Thursday, September 22, 2011
Law firm warns of foreclosure ruling's effect
WEST PALM BEACH — The national law firm of Greenberg Traurig issued an alert this week warning its lawyers that a 4th District Court of Appeal ruling in favor of Palm Beach County homeowners could "dramatically change the foreclosure landscape in Florida."
The Sept. 7 decision in the case of Gary and Anita Glarum vs. LaSalle Bank says that an affidavit of indebtedness submitted by the bank was hearsay because the person who signed it did not have personal knowledge of the case. It reversed a 2010 Palm Beach County Circuit Court summary judgment that said the Glarums owed the bank $422,677.
"This decision could have broad, sweeping application in the lending and loan servicing industries and affect thousands of foreclosure cases, among other types of cases, currently pending in Florida courts," says the alert posted on Greenberg Traurig's website. The Orlando-based firm of Butler & Hosch represented LaSalle Bank in the case, but Greenberg Traurig also is a bank representative.
The amount the circuit court said the Glarums owed was based on an affidavit of indebtedness signed by loan servicer employee Ralph Orsini, who pulled the information from a company computer - a move that appeals court judges said amounts to hearsay. The court's ruling means the home can't go to foreclosure sale until the bank either gets another summary judgment or goes to trial. The plaintiffs have 15 days to file for a rehearing.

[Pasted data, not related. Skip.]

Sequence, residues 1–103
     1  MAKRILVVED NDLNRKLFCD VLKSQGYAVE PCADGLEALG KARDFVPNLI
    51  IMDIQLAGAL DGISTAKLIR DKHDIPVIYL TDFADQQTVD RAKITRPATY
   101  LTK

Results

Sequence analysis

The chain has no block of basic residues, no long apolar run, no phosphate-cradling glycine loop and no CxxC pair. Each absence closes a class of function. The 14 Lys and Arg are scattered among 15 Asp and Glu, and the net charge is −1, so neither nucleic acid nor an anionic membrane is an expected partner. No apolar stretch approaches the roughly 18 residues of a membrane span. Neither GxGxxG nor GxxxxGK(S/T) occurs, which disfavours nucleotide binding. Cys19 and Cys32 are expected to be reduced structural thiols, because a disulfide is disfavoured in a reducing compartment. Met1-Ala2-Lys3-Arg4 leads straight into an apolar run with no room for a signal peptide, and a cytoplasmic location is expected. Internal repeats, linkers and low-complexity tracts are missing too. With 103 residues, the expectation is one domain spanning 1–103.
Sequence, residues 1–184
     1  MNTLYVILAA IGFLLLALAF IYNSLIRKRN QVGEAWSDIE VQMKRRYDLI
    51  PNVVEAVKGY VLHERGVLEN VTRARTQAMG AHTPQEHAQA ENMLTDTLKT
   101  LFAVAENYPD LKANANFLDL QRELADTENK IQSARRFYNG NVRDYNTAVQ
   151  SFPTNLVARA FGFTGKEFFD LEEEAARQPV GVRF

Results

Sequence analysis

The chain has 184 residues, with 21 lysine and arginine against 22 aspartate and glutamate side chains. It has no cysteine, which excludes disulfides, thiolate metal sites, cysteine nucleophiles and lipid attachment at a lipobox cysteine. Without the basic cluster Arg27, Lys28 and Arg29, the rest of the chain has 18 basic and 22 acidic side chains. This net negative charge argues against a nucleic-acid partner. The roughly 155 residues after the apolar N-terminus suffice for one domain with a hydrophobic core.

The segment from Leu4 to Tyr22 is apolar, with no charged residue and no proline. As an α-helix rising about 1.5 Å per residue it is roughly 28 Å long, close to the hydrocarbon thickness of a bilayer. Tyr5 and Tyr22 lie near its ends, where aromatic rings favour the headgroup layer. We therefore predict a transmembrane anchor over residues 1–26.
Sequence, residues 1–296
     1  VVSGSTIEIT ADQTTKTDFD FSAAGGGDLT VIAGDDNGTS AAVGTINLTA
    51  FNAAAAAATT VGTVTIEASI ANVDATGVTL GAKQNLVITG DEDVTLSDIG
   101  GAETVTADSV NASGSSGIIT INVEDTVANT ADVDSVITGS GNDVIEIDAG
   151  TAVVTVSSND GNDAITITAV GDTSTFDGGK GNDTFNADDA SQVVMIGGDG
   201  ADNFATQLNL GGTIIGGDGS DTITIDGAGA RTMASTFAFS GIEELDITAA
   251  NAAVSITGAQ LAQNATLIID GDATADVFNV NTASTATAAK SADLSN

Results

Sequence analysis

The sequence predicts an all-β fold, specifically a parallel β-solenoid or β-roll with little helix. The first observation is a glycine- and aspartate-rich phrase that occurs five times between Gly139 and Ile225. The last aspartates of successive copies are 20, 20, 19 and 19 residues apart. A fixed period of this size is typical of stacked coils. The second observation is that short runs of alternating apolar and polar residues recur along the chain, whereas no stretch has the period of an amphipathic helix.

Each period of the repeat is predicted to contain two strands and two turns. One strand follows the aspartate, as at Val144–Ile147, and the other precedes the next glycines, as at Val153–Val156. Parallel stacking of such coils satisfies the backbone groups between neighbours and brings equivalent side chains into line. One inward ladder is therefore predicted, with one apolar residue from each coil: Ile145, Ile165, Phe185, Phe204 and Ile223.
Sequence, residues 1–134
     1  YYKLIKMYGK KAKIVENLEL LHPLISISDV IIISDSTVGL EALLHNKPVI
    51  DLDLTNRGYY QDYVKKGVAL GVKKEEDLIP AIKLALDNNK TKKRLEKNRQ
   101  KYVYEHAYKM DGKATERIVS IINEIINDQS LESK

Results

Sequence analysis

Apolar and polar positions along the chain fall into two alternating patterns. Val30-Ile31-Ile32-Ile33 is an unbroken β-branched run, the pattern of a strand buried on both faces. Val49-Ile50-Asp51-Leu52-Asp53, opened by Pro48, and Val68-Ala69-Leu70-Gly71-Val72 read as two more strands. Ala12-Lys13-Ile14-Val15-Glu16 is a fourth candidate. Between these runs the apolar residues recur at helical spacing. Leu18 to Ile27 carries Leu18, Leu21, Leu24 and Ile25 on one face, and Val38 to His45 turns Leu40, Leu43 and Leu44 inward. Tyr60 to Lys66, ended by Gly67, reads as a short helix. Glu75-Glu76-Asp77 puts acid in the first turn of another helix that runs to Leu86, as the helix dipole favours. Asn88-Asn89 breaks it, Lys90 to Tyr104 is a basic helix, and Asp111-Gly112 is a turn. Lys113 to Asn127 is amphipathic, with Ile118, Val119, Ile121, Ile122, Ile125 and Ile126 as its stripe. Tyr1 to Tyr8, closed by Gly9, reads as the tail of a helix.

Ice Legal of Royal Palm Beach represents the Glarums, who have been in foreclosure since 2008 and continue to live in the home. Ice Legal founder Tom Ice said the alert is a "transparent attempt to influence" the court to change its ruling .
"Being denied a prohibited shortcut may cost the banks a little more, but given that they are the deep pockets here, pockets lined with our own taxpayer money, the ruling is hardly unfair or earth- shaking," he said.
Greenberg Traurig writes that the Glarum decision is the first case to specifically hold that an affidavit of a loan servicer relying on computer records is inadmissible hearsay because the affidavit was unable to identify who made the data entries, or how or when they were made.
"In the context of foreclosure matters, Glarum is especially concerning given the fact that the lending community uniformly relies upon computer data, including data from prior servicers, when drafting affidavits of indebtedness in support of summary judgment motions," the alert notes.
It says the appeals court sent a "strong statement" that "may have achieved the unintended result of dramatically changing the foreclosure landscape in Florida."